Vertigo: The Making of a Hitchcock Classic by Dan Auiler


1998 -St. Martin’s Press – 220 pages

Foreward by Martin Scorsese

2018 is a milestone year for Hitchcock’s Vertigo.   It is the 60th anniversary of the film’s original theatrical release.  It is also the 20th anniversary of the sublime James Katz/Robert Harris restoration, which was released theatrically in 1998.    Twenty years ago the movie was back in theaters, winning over new fans and reminding old fans of its power and beauty.  It was the perfect time for a book about Vertigo, and Dan Auiler answered the call.

Since Vertigo is about obsession, it is only fitting that the many fans who now obsess over the film have a book that narrates the making of this classic in great detail.    First of all, Auiler did his research.  He has meticulous detail about the film’s production.  The book is written chronologically.  Auiler begins with a little background information, where Hitchcock was in his career when he began making Vertigo.

There is a chapter dedicated to the writing of the screenplay;  one on the shooting of the film;  one on post-production; and so on through the film’s premiere and beyond.  This book goes into great detail on the film’s shooting.  Again it is detailed chronologically, so the reader will learn the order in which the scenes were filmed.  The language is fairly scholarly and straightforward as it relates the  specifics of the production. This book does not delve too much into the film’s themes.  It is a nuts and bolts description of the film’s making.    If you are the type of fan who would like to know that on October 9th shooting wrapped at 3:05 PM, then this is the book for you.

This reader was thrilled to learn so many specifics of the film’s making.  Included are several great photos and storyboards.  Also included is an interview with Robert A. Harris and James C. Katz, the two men responsible for saving Vertigo for future generations by performing one of the greatest and most ambitious film restorations of all time.  In addition, Martin Scorsese wrote the forward.  His passion for Hitchcock in general, and this movie in particular, are made quite clear.

Recommended for  fans of Hitchcock and Vertigo.




HITCHCOCK/TRUFFAUT (2015): “Logic is dull”

HITCHCOCK/TRUFFAUT (2015) – Cohen Media Group – ★★★★

Color – 80 mins. – 1.78:1

Directed by Kent Jones

Featuring:  Alfred Hitchcock and Francois Truffaut (archival audio footage), and interviews with Martin Scorsese, Peter Bogdanovich, David Fincher, Wes Anderson, Richard Linklater, Paul Schrader, and more.

Hitchcock/Truffaut is the most indispensable book ever published about director Alfred Hitchcock. The book is essentially a transcription of a week’s worth of in-depth conversations between the two titular directors, in which they discuss every film in Hitchcock’s catalog, many in great detail. From its first publication fifty years ago, through revisions and reissues, to the current day, it is the vade mecum for the hardcore Hitchcock fan or scholar.   Now, thanks to director Kent Jones, we have a documentary film which discusses the book, its origins and its influences.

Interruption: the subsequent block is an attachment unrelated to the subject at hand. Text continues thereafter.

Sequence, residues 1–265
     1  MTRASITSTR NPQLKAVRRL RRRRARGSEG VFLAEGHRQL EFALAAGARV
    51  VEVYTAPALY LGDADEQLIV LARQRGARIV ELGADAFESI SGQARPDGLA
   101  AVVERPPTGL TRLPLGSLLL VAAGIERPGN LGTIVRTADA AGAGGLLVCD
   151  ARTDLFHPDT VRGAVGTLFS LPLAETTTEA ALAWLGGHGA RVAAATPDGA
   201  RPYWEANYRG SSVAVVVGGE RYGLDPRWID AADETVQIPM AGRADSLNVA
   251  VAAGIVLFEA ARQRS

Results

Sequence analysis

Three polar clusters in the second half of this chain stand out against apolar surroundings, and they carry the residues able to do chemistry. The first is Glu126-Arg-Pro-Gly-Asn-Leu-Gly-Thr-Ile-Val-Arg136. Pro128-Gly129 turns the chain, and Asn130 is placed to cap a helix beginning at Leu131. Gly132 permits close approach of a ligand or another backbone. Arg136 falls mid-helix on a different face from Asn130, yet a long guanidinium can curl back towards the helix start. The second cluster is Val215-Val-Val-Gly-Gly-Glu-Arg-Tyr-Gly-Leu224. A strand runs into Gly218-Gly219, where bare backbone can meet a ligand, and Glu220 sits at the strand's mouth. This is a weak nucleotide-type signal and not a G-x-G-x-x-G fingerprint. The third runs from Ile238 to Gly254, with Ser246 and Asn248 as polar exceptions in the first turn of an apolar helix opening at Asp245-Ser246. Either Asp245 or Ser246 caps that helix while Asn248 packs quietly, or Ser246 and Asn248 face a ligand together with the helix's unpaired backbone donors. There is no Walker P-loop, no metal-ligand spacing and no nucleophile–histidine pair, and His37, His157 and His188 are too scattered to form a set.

The movie has some voice-over narration, but primarily consists of contemporary interview clips of prominent directors,  several scenes from Hitchcock movies, and some audio archival footage of Hitchcock and Truffaut in conversation.   The movie sets up the backstory:  Truffaut began his professional life as a movie critic, writing for the influential French magazine Cahiers du Cinema.  He devised the auteur theory of filmmakers, the idea that a truly talented director is like the “author” of his or her movies, leaving a distinct and recognizable imprint.  He was also one of the first critics to recognize and write about the recurring themes in Hitchcock’s movies, thereby elevating them above the level of mere entertainment.

When I watch a documentary film I want to be informed, and I want to be engaged.  In other words, teach me something I didn’t know, and do it in an entertaining way.  This film succeeds on both counts.  I had always assumed that the conversations between Truffaut and Hitchcock were impromptu in nature.  But Truffaut spent a great deal of time watching films and preparing his questions.  He basically approached the book the same way he would have approached making a new movie.  And this was done in the pre-internet age, when one could not just google some obscure Hitchcock silent film, and be watching a clip ten seconds later.    It is pointed out in the documentary that Truffaut probably sacrificed at least one movie  with the amount of time he dedicated to the Hitchcock project.


The real treat for me in this documentary is watching so many great directors talk about the work of Hitchcock, and the influence of the book on their lives and work.  Martin Scorsese becomes almost like a child when he discusses movies;  he is so undeniably a fan, it is absolutely infectious.  And when he discusses specific scenes, you know he is citing from memory;  he didn’t need to re-watch it to refresh his recollection.  I’m glad that David Fincher was included as well, because I believe he is the most Hitchcockian director working today, at least in visual style, and ability to emotionally manipulate an audience.

I wish the film would have spent a little more time on Truffaut’s life and career, but that is a minor quibble.  Any fan of Alfred Hitchcock will be enthralled watching this fine documentary.   In addition to the feature, the blu ray does include some additional interview footage.